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Album: Raindances: The Transatlantic Recordings 1973-1975
Label: Esoteric
Tracks: 17+13

This almost-all-encompassing anthology-cum-retrospective came out a short while ago as a lead-in to the autumn release of a brand new “40 years on” album by the legendary prog-rock band (this album, Reinvention, was reviewed here a couple of months back). Gryphon was always one of the true originals amongst the plethora of weird and wonderful bands that emerged in the classic Prog era of the early-to-mid-70s. Its premise, however, arose not out of rock music but out of a dawn-of-the-70s idea by Royal College Of Music students Richard Harvey and Brian Gulland, to fuse traditional English music with medieval and renaissance influences, using early instruments such as crumhorns, recorders and harpsichord alongside harmonium, bassoon and the more conventional sounds of guitars, mandolin and organ. Of course, some of the more ambitious folk musicians had already been involved in their own fusions of folk and medieval – notably Shirley & Dolly Collins with David Munrow (Anthems In Eden), Amazing Blondel, and of course Pentangle – but I suppose you could say that in the late-60s musical exploration was the order of the day. Even by those standards, however, the music of Gryphon was quite extraordinary, even (I’d say) genuinely unique, in the sense of quite like nothing else, especially at first.

By the time they signed to the Transatlantic label, Richard and Brian had been joined by wunderkind guitarist Graeme Taylor and percussionist David Oberlé, and the first album they released – produced by Laurence Aston with The City Waites’ Adam Skeaping – was a wildly inventive patchwork of inspirations, expressions and modes encompassing on the one hand fairly straightforward, lively transpositions of medieval dance tunes, and on the other hand progressive dramatic reimaginings of English ballads like The Unquiet Grave, punctuated by the occasional reposeful classical guitar adventure (Crossing The Stiles) and cheeky, slightly silly cod-Python-esque folk-narrative (The Devil & The Farmer’s Wife). The five-minute instrumental showcase Estampie that perhaps best typifies the wildly inventive Gryphon approach, with passages of virtuoso recorder playing, frenetic percussion, sudden tempo fluctuations and sweeping flanging effects; while the heavily overdubbed Juniper Suite pointed the way towards future experiments. But in truth the whole of Gryphon’s eponymous debut album was an unusual, dazzling, dizzying experience, albeit somewhat Heath-Robinson-meets-Lewis-Carroll, with a stunning aural impact that was matched by its equally offbeat, eyecatching cover. The group had by the time of its release in June 1973 built a loyal following across a wide base of music fans, simply by virtue of carrying so many diverse strands within its music.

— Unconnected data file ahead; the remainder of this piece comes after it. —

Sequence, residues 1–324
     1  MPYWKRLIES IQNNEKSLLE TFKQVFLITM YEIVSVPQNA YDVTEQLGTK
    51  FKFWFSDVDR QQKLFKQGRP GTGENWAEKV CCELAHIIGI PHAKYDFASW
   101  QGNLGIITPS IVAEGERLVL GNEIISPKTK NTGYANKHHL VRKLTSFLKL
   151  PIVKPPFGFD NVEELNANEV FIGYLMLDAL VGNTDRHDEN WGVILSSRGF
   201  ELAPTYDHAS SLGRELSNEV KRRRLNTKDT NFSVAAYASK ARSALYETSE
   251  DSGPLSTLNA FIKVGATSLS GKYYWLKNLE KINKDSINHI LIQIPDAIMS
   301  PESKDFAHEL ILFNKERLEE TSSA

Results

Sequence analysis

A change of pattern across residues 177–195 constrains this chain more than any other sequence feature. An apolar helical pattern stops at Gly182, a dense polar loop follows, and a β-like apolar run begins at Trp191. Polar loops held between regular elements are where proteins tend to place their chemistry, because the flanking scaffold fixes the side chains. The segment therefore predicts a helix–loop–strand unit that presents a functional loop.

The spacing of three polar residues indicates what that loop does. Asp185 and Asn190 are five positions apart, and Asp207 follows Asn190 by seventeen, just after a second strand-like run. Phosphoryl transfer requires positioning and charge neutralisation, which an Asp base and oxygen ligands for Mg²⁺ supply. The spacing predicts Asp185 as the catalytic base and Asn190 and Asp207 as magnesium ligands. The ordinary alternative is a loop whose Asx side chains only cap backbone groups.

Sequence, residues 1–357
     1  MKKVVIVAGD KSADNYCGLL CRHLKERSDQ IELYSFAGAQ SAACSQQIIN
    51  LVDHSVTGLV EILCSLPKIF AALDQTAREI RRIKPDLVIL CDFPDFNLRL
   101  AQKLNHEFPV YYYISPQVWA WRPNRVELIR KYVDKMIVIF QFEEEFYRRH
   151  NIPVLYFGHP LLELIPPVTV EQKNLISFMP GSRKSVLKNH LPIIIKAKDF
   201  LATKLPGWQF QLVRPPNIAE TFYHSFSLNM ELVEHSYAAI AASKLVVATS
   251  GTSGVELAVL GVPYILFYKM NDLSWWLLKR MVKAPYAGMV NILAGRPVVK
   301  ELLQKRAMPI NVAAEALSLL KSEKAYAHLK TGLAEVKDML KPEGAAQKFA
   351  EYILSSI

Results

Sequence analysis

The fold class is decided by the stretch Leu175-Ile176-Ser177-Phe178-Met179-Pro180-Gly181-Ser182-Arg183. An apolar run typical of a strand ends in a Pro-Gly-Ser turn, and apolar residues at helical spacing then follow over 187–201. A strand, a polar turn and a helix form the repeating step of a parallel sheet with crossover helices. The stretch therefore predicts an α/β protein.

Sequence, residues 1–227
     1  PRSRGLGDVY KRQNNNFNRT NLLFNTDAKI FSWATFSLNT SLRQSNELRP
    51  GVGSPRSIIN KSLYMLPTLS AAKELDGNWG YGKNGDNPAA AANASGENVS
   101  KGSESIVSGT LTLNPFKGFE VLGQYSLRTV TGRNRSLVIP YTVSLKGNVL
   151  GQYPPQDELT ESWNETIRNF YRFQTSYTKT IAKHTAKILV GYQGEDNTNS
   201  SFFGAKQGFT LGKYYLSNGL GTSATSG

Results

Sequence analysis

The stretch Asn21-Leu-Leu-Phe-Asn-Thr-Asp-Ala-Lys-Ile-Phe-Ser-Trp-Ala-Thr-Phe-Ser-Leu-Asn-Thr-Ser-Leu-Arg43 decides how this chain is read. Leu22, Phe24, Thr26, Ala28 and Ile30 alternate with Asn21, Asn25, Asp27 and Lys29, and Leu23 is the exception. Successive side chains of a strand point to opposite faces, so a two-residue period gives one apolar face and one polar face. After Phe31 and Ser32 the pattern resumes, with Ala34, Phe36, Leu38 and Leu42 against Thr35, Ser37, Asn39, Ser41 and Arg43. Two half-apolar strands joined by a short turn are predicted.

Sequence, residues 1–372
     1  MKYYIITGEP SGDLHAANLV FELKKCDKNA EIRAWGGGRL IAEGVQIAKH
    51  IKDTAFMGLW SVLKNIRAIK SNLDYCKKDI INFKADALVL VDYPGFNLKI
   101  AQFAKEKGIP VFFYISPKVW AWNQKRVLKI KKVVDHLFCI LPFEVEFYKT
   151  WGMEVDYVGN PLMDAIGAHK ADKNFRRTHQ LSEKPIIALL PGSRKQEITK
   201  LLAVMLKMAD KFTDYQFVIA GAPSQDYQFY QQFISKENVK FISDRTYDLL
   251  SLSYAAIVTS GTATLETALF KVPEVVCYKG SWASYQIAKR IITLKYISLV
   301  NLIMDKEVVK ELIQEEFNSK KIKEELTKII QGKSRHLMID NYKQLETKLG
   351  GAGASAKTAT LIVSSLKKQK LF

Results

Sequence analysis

By the time followup album Midnight Mushrumps appeared in 1974 – a year in which the band broke records by appearing on all four of the BBC’s radio stations in the same week! – the foursome had been joined by bass guitarist Philip Nestor. The album further amplified the creativity of the band’s debut, while embracing then-accepted tenets of prog such as the ambitious side-long title track. Parts of the album originated in music the band had been commissioned to write that year for a stage production of The Tempest (from which play, not Lewis Carroll, the album’s title came). Thus, a more consciously theatrical quality was married to the growing prog influences on the album and its musical expression generally. But while Side 1 of the disc was a cohesive suite, Side 2 was more of a mixed bag, with a majority of its five tracks written in the studio – although the opening Ploughboy’s Dream harked back to the “treated English folk” of their debut. 1974 was the band’s annus mirabilis, with widespread positive coverage for their music and some high-profile gigging, and their next (third) album followed fairly rapidly.

Red Queen To Gryphon Three was a conceptual album based around the idea of a chess game – although, curiously, the actual concept didn’t come into the equation until the post-recording stage. The album is often viewed as Gryphon’s masterwork, and it certainly presents a credible consolidation of influences from prog bands such as Genesis, Yes and Caravan with the earlier medieval music. The band’s final album for Transatlantic, Raindance, was largely composed of shorter songs (in direct response to the label’s pressure for them to be more commercial), and featured a new bassist (Malcolm Bennett) as well as, uncharacteristically, including a cover (the Beatles’ Mother Nature’s Son) among its tracklist. Richard’s lengthier composition (Ein Klein) Heldenleben was the disc’s only concession to extended-prog, but against the odds Raindance still managed to hang together as an album. This despite the enforced exclusion, by label bosses, of four tracks that had been cut expressly for the record (which I don’t recall ever having been available).

Over the years, there have been numerous reissues and repackagings of the four original Gryphon Transatlantic albums, most recently individually by the Talking Elephant label. This new two-disc Esoteric edition of Gryphon’s Transatlantic recordings is well-appointed, with a suitably informative booklet essay and newly remastered from the original master tapes. It purports to gather together all the material from the four albums – but in truth one track from Midnight Mushrumps (the 5-minute Dubbel Dutch) has been inexplicably omitted. I say inexplicably, because its inclusion should (by my humble reckoning) not have entailed exceeding the 79-80-minute threshold … That omission, however, compromises my own recommendation that this would otherwise (and in all other respects) be the definitive edition deserving of a permanent place on your shelves.

David Kidman/p>